Dallas has a good pass rush and good group upfront, and Atlanta was struggling to get that rush blocked. It looked like that was going to be one of the major storylines of the game in the first half when the Cowboys sacked Ryan three times. But Matt’s ability to recognize what the defense was giving him was brilliant, because it helped get the ball out of his hand quickly on a day when Cowboys were not making it easy block their rush. He changed the play at the line of scrimmage a number of times. For instance, when he saw that the cornerback was about to back out, he would throw the quick out.

And then when the Falcons went to the play action and boot legs, Ryan was consistently getting a Cowboy defender in his face, and he created more arm angles than Kent Tekulve, the old Pirates pitcher, in order to get the ball out to his receivers. He threw it side-armed, over the top and all sorts of stuff. That’s difficult, especially when you start with your back to the rush, and then you turn around and here’s Randy Gregory or Demarcus Lawrence in your face. Once again, I thought Matt was outstanding.

Ezekiel Elliott set the right tempo for the Cowboys

The Falcons knew that the Cowboys running game was the number one threat, and they had to limit what Ezekiel Elliott could do. And they did a pretty good job of that in the first half when they held him to 47 yards rushing. Those were essentially coming on secondary types of runs; draw plays, misdirection-type plays and things like that. So Atlanta had done a pretty good job of limiting what he brings to the table.

But as the game wore on, you see him falling forward for gains of four, five and six yards. It’s second and 5 one time, then it’s second and 4, and Dallas keeps leaning on Atlanta and getting more and more out of their running game. And that allowed them to play at their pace, and it put Dak Prescott in manageable third down situations. Dallas had not been very good at converting on third downs coming into this game, but they converted 7-of-13 in this game because they were in a lot of third and short situations. And that’s because of Elliott and that running game. The game played out exactly as the Cowboys wanted it to from that standpoint. It was low scoring, plodding tempo. It was perfect for Dallas.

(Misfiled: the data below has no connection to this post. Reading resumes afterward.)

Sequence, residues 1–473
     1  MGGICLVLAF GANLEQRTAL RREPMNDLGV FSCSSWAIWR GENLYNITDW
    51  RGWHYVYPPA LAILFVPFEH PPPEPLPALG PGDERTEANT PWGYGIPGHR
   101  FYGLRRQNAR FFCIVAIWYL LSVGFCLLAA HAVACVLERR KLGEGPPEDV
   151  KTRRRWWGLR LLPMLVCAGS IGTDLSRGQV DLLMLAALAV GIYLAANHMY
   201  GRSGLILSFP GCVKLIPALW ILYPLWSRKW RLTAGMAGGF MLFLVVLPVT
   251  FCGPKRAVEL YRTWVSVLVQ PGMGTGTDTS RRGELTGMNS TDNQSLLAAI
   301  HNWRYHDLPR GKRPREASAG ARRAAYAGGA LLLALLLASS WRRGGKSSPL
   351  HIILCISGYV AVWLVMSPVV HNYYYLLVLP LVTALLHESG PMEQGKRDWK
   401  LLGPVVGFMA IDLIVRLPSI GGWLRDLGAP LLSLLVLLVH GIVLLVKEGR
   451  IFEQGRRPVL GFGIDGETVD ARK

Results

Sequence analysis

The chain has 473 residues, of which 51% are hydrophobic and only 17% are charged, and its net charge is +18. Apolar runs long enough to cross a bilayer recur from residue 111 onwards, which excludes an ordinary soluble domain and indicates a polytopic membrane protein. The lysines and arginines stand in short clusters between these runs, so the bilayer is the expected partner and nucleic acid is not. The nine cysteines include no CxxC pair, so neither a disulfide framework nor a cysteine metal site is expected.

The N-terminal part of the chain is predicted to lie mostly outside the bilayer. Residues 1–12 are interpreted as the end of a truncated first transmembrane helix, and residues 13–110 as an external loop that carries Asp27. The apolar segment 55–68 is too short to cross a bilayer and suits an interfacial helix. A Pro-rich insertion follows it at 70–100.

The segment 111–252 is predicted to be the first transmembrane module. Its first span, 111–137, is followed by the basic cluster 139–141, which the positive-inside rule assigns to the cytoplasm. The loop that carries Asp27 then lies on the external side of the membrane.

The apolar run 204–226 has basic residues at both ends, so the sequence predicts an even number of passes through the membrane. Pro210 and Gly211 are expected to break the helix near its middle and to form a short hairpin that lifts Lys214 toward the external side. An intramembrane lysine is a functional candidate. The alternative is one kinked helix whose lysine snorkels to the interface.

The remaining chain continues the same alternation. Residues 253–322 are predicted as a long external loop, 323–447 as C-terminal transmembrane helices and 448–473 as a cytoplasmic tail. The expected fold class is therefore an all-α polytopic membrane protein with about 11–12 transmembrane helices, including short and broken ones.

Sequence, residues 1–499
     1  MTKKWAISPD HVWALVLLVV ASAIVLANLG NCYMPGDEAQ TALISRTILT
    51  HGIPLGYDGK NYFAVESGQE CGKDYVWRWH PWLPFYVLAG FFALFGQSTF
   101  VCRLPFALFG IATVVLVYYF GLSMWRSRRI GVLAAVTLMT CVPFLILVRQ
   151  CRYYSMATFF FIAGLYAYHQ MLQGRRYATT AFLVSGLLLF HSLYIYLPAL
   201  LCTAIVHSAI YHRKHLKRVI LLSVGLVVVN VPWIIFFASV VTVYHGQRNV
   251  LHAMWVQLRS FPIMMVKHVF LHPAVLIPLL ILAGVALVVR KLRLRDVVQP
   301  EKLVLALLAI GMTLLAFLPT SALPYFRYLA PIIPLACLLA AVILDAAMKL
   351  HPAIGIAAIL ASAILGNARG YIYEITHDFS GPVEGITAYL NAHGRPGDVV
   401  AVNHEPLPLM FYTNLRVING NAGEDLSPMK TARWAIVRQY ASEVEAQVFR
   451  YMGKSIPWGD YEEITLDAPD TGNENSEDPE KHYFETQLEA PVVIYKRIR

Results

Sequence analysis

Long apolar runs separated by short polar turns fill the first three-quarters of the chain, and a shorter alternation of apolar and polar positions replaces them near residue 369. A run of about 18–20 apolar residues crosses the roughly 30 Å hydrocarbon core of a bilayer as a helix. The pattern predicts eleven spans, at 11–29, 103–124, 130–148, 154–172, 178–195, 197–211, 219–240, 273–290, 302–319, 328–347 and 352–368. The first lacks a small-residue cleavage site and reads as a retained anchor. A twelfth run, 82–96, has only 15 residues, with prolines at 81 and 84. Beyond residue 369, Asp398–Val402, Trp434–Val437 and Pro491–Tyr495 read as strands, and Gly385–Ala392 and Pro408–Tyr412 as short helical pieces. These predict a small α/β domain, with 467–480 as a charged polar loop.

LB Foye Oluokun

Atlanta Falcons / Lynn Bass

Foye Oluokun emerging from the opportunity

When you limit a team to six points through three quarters and 22 in the game, you’ve done a pretty job defensively in this league. And one guy that is improving is Foye Oluokun. He is really starting to become the linebacker the Falcons hoped he would become. And you may see him standing next to Deion Jones in this defense down the road. He has the ability to diagnose the run game and get in-between blocks, get downhill and blow some plays up, and he’s emerging as a better cover linebacker too. When he’s locked on somebody he does a pretty good job.

The plus side defensively for the Falcons in this situation is obviously Demontae Kazee and what he brings to the table, and then Oluokun. Two young players that you look down the road and think could be big contributors, especially once you get all of your resources back.